The universal conundrum of the end of life takes center stage in Bekah Brunstetter’s thoroughly engaging new play Going to a Place where you Already Are, now in its world premiere run at South Coast Repertory. The great dichotomy… is there nothing or something after death? Nothing is easy to understand. Life emerges from a void and returns to it. If something, what is it? What is the nature of it? All of the considerations hinge on notions of belief.
The play opens at a funeral service in a church. The voice of the pastor can be heard reciting words from the Sarum Hymnal of 1514, “God Be In My Head and In My Understanding.” Joe (Hal Landon Jr.), a man of seventy and an Atheist, and his wife, Roberta (Linda Gehringer), sixty-six, quietly mock the droning man of God. It soon becomes apparent that Roberta is not a die hard Atheist and a sharp, albeit quiet, discussion ensues. But when the congregation rises to sing the hymn, “How Great Thou Art,” Roberta breaks down in tears of powerful emotion. She wonders with all her heart where the deceased is going, unable to accept that there is nothing after death. As the opening scene closes a glowing Angel in the form of a young man (Stephen Ellis) appears with a sympathetic expression on his beatific face. He makes regular appearances throughout the rest of the play.
With great heart and no small amount of humor, Going to a Place where you Already Are is a tale of the end of life and its effects on those destined to be left behind. During a “routine” MRI scan, Roberta has a death experience of a kind that many people have reported, and encounters the Angel. It is too soon for her to go to Heaven, however, and she awakens to a distraught Joe and the news that she has cancer.
In the secondary plot line, we encounter Joe and Roberta’s granddaughter, Ellie (Rebecca Mozo), lying in bed with Jonas (Christopher Thornton) after a vigorous night of spontaneous sex. Ellie is a brittle achiever with low self-esteem and Jonas is an insightful guy who sees more in her than she can see in herself. And the fact that Jonas gets around in a wheel chair is of no real consequence to either of them. While their attraction to each other is palpable, Ellie rejects the idea of something more than a one-night stand. It is significant, however, that Ellie is a smoker, as was Roberta.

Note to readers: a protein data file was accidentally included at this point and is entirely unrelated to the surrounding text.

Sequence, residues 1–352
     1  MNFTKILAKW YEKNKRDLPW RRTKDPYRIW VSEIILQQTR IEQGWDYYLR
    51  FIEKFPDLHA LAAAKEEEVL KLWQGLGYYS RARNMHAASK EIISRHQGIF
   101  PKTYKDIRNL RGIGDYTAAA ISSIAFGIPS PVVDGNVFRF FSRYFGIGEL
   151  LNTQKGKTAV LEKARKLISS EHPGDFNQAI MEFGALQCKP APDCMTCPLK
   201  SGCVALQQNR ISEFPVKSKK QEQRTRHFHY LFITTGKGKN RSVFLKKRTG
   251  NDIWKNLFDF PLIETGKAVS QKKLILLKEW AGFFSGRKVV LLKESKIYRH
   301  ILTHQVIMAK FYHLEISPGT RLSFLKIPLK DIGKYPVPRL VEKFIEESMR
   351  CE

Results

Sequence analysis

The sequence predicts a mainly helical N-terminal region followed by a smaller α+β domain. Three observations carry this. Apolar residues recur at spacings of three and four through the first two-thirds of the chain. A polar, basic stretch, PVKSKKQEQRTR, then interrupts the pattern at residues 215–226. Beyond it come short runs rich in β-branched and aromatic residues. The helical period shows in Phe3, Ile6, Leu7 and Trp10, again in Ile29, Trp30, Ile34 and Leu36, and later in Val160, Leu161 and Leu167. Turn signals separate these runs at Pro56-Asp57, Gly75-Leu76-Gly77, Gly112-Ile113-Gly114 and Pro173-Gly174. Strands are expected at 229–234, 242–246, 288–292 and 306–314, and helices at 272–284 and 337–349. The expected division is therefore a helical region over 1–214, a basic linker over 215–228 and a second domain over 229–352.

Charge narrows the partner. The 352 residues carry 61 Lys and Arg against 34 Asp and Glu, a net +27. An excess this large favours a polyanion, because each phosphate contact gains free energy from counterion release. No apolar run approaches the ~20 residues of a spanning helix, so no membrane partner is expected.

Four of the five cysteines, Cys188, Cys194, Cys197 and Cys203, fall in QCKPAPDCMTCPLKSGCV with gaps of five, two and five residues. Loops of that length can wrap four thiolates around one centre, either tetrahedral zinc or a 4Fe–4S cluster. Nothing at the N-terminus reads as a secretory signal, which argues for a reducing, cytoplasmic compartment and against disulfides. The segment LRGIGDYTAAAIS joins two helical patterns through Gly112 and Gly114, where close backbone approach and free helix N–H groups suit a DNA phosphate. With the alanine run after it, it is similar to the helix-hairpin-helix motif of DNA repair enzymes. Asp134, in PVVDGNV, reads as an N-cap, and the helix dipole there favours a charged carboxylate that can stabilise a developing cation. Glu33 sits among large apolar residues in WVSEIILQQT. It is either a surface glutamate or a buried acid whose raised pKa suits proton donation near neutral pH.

There is a lot going on in this gentle, romantic fantasy, end of life decisions among them. The notion of doing everything medically possible to achieve a longer life span, which is generally recognized as an extremely unpleasant, often painful, ultmately futile affair, comes in conflict with the desire to die with dignity and comfort with loved ones close. The story calls to mind Atul Gawande’s best selling book Being Mortal.
Since the idea of smoking and the consequences thereto is an important element of the plot, it is refreshing to see the players actually smoke real cigarettes, which is most often not the case in modern theatre performance. To see smoke exhaled in a cloud as wisps from the cigarette tip curl up makes a powerful impression. And to catch a whiff in the audience, while it may offend some, added a welcomed verismo to the action.
The cast, under the inspired direction of South Coast Rep’s Artistic Director, Marc Masterson, is excellent. The physical production is first rate with a fluid set by Michael Raiford (lighting by Tom Ontiveros) that has set pieces smoothly moving on and off with platforms and elevators. Costuming by Christina Wright is ideal, fitting character and situation. And Vincent Olivieri’s sound design is impeccable.
This play has legs. Expect to see it produced many time in many places.Going to a Place where you Already Are runs through March 27 on the Julianne Argyros Stage of South Coast Repertory in Costa Mesa.